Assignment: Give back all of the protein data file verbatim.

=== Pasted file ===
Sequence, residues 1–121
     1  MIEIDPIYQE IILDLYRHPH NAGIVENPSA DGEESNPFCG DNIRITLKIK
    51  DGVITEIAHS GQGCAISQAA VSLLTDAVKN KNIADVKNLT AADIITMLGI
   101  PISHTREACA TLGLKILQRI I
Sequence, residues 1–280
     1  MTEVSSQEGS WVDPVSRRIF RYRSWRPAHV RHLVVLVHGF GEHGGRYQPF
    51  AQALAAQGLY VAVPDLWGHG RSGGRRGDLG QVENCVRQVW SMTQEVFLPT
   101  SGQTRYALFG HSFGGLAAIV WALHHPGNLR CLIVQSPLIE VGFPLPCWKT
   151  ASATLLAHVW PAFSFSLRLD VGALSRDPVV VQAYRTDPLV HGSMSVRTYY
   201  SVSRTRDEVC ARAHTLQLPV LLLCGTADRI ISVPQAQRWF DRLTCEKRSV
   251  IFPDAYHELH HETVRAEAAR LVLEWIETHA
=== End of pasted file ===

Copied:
Sequence, residues 1–121
     1  MIEIDPIYQE IILDLYRHPH NAGIVENPSA DGEESNPFCG DNIRITLKIK
    51  DGVITEIAHS GQGCAISQAA VSLLTDAVKN KNIADVKNLT AADIITMLGI
   101  PISHTREACA TLGLKILQRI I
Sequence, residues 1–280
     1  MTEVSSQEGS WVDPVSRRIF RYRSWRPAHV RHLVVLVHGF GEHGGRYQPF
    51  AQALAAQGLY VAVPDLWGHG RSGGRRGDLG QVENCVRQVW SMTQEVFLPT
   101  SGQTRYALFG HSFGGLAAIV WALHHPGNLR CLIVQSPLIE VGFPLPCWKT
   151  ASATLLAHVW PAFSFSLRLD VGALSRDPVV VQAYRTDPLV HGSMSVRTYY
   201  SVSRTRDEVC ARAHTLQLPV LLLCGTADRI ISVPQAQRWF DRLTCEKRSV
   251  IFPDAYHELH HETVRAEAAR LVLEWIETHA